How to Make Turkey Stock and Why You Should

Before you roast that turkey, plan ahead for the bones. Don’t waste this precious part of the turkey – instead, save them to make turkey stock. Not only will you have a base for soup and sauces for months to come, but you will use every bit of that free-range, organic turkey. Read on for the easy steps.

Five Reasons to Make Turkey Stock

  1. Cooking with homemade stock makes you look like a pro – and your food will taste like it, too.
  2. Bone stock is packed with gelatin which supports skin, hair, joint health and many processes in the body.
  3. Stock has lots of easily digested minerals, too.
  4. Stock is called Jewish penicillin for a reason: this is healing food.
  5. Bone broth is probably the cheapest – when you make it at home – and most nutrient-dense food.

Indeed, stock is everything in cooking. Without it, nothing can be done. –Escoffier

Turkey carcass in roasting pan

How to Make Turkey Stock

If you don’t have the time or inclination to make turkey stock right after Thanksgiving, be sure to freeze the bones and defer the project. Save all the bones and any bits of uneaten skin (lots of collagen there), tendons, etc and put them in sturdy freezer bags.

We’ve already blogged about making chicken stock, and described some of the health benefits of this golden elixir. And then there’s the brown turkey stock post, intended to help you make a velvety gravy.

This is a white stock, which means you don’t need to roast the bones before putting them in the stockpot (they were roasted when you cooked the turkey, after all).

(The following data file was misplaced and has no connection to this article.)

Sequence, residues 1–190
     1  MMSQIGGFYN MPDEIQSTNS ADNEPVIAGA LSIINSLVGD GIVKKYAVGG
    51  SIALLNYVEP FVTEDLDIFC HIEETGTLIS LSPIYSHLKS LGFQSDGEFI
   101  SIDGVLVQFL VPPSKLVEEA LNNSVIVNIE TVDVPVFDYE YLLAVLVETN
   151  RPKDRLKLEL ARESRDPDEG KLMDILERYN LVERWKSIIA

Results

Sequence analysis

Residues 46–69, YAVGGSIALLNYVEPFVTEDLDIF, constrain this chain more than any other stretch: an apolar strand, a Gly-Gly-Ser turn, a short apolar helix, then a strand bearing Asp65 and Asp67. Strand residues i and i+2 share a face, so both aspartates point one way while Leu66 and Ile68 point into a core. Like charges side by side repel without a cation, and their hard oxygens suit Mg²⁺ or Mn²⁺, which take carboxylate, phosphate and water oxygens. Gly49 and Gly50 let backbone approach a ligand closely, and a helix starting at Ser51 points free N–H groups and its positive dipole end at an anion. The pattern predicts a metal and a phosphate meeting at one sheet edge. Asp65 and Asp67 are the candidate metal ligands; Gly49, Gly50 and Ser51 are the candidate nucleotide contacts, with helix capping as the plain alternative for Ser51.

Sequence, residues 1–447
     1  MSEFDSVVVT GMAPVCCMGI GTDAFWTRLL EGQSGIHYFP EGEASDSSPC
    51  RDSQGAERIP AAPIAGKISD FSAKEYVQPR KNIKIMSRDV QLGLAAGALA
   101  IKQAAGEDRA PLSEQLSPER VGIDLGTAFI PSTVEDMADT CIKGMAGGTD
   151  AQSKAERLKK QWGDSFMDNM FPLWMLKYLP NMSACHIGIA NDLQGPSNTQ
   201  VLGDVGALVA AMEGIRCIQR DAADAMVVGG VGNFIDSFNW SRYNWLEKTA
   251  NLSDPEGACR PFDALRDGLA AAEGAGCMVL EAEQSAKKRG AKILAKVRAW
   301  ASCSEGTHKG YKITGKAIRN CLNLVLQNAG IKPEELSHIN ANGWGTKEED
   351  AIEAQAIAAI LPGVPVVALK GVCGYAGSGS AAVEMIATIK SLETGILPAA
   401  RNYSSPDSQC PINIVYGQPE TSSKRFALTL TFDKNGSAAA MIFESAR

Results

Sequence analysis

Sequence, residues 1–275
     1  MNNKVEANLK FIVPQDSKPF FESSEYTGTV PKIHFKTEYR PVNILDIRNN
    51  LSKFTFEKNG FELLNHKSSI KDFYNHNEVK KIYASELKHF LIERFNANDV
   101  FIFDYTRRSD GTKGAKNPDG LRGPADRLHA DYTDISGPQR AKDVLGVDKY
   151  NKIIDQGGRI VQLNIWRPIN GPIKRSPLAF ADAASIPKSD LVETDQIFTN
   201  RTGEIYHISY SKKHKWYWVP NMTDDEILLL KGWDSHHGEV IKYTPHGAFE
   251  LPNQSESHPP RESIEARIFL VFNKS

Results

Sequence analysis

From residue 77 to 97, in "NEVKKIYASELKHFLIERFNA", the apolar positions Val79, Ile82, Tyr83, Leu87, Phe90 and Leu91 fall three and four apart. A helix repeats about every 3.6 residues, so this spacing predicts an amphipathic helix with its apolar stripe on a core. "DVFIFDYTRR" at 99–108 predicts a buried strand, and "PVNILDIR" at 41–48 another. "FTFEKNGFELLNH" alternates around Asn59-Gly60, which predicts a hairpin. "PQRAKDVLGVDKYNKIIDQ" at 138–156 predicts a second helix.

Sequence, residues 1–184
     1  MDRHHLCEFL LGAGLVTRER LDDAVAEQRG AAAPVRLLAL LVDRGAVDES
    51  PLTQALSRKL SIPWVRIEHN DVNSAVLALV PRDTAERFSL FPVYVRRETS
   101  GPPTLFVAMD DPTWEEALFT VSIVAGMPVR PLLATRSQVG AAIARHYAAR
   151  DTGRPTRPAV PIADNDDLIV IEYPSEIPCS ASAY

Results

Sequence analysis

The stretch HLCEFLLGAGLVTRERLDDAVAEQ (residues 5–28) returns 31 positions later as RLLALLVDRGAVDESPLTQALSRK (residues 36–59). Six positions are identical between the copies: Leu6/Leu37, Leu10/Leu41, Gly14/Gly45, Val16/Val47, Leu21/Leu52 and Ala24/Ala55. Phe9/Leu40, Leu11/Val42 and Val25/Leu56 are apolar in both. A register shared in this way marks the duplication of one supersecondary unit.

All you need to do is simmer the bones in a large pot with water to cover, a few yellow onions (leave the skin on), roughly chopped carrots and celery, some peppercorns and a bay leaf, and optional fresh parsley. Throw in some leek greens if you have them.

turkey-stock-by-joy-on-flickr
Turkey stock – photo: Joy, flickr

Combine all the ingredients in a large stockpot and cover with cold water. Use two large pots if you don’t have a stockpot big enough.

Bring to a simmer over high heat, then reduce the heat and leave at a simmer for 2 to 6 hours. Skim the surface to remove foam and any debris.

Once you are done, let the stock cool a bit. When it is safe to handle, strain it through a chinois or other fine-mesh sieve. Discard the vegetables.

Let stock cool completely and ladle into jars or plastic containers. You can freeze the stock and use it to make soups and sauces for months to come.


 

Since 1985, D’Artagnan has been at the forefront of the farm-to-table movement, producing superior tasting products by partnering with small ranches and farms. We are committed to free-range, natural production, sustainable and humane farming practices and no use of antibiotics or hormones. That’s why D’Artagnan products have been revered by America’s most renowned chefs for over 30 years. We offer the same high-quality products to home cooks at dartagnan.com, along with recipes and guides to help you live the tasty life.

Are you a business looking to serve or sell D’Artagnan? We invite both chefs and food retailers to reach out and become D’Artagnan customers.

Connect with us on social media to share your cooking adventures. Tag @dartagnanfoods on FacebookInstagram or Twitter.

 

2 Comments Add yours

  1. julie says:

    It’s even easier if you have a slow cooker. Just pop everything in it and go to bed!

    1. D'Artagnan says:

      That’s another great option, Julie! And some are using multicookers to make stock quickly.

Leave a Reply to julie Cancel reply

This site uses Akismet to reduce spam. Learn how your comment data is processed.